Are Your Communication Skills Clear Enough?

Are Your Communication Skills Clear Enough?

Dealing with clients can be one of the most challenging aspects of contract work. Your clients might not understand the lingo or they may question everything you choose and every process you use. But since they’re writing the check that keeps your business afloat, in some cases you’ll just have to grin and bear it.

This can be particularly challenging if you’re dealing with clients who have never worked with a contractor before, or worse, you’re coming in to fix what another company screwed up.

Although communicating with clients might be your least favorite part of your job (past the desired, “OMG I LOVE it!!!” and “Here’s your payment” comments), it’s still part of your job, and it would serve you well to be good at it. So here are some tips to help you keep the communication flowing so you can stave off (or at least minimize) any unpleasant encounters.

Let Them in on the Game-plan

Unless you’re brand new to the contracting field, you should be able to analyze a job and put together a relatively accurate estimate of time and costs. Sidenote: if you are new and don’t know how to do this, learn. Quickly. If a client has an idea of how long a project will take and the approximate cost, they won’t inundate you with questions about how long it’s going to take and how much it’s going to cost.

You’ll want to leave a little wiggle room for the unforeseen, such as the price of materials increasing or an unexpected step due to previous work or construction but you’ll want to make that estimate as accurate as possible. Just include this as part of the contract and make sure everyone has a copy so you can all literally be on the same page.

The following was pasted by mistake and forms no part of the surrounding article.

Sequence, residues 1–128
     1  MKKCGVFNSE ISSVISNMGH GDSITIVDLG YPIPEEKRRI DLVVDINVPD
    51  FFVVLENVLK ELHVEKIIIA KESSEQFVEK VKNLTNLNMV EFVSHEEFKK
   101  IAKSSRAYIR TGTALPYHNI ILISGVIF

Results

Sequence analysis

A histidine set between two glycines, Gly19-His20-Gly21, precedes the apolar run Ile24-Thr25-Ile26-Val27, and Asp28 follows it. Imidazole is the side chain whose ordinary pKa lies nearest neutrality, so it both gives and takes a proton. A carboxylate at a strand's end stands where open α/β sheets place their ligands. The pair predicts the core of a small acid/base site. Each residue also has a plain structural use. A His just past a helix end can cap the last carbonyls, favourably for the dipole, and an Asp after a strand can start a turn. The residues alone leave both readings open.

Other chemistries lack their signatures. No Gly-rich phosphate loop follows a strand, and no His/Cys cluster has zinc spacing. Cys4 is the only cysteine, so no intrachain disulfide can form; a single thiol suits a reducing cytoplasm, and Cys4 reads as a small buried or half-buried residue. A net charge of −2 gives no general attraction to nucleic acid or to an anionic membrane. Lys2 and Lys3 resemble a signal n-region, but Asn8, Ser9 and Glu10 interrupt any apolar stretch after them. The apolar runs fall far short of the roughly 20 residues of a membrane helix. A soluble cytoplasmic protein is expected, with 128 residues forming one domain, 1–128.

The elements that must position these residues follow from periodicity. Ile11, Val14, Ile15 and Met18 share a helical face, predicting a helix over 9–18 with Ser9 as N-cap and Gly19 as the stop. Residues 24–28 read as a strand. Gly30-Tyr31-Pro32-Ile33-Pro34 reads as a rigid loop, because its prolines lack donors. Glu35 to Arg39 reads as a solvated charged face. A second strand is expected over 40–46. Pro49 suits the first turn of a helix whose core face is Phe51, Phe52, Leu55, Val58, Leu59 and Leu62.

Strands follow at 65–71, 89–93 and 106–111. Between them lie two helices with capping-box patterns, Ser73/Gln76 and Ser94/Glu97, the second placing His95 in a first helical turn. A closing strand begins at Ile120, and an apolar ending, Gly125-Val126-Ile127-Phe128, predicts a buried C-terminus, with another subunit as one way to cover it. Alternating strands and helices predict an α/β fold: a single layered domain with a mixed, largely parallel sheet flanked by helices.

Offer Regular Updates

This is especially important if the client isn’t on-site daily, such as a new build or major renovation. Someone who is getting a new deck can see the progress because they’re probably still living in the house. But even they might appreciate you checking in every couple of days and letting them know if you’re still on target time and budget-wise. A client who feels they are in-the-know won’t bug you about what they don’t know, even if what they don’t know is a lot, you know?

If You Have to Make Changes, Tell the Client

And do it sooner rather than later. Clients have a way of knowing when things aren’t going as planned. They might not say anything, in the hopes that you can quickly rectify the situation and things continue to progress. But they’ll notice. And eventually, if you don’t say anything, they’re going to ask.

It’s better that you tell them before you get to that point. If needed supplies are slow to arrive or are on backorder, tell your client what’s going on. If you need to rethink an approach because of an existing element (plumbing is on the wrong wall, the wiring is wrong for the kind of outlets desired), let your client know.

Keep them in the loop and include them in the discussion. They might decide to go with different lighting or that they aren’t as in love with that lavender backsplash that’s on backorder after all and choose another color you can get immediately.

Be Nice!

Exchanging pleasantries with your client won’t kill you. It could even lead to more work. Say hello. If they ask you questions (not too personal) answer them. Explain why you’re doing something if they ask. A little courtesy can go a long way.

Be upfront, honest and nice to your clients, and they’ll pay you what you want and might even tell their friends about you. It’s really that simple.

How have you communicated with your clients in the past?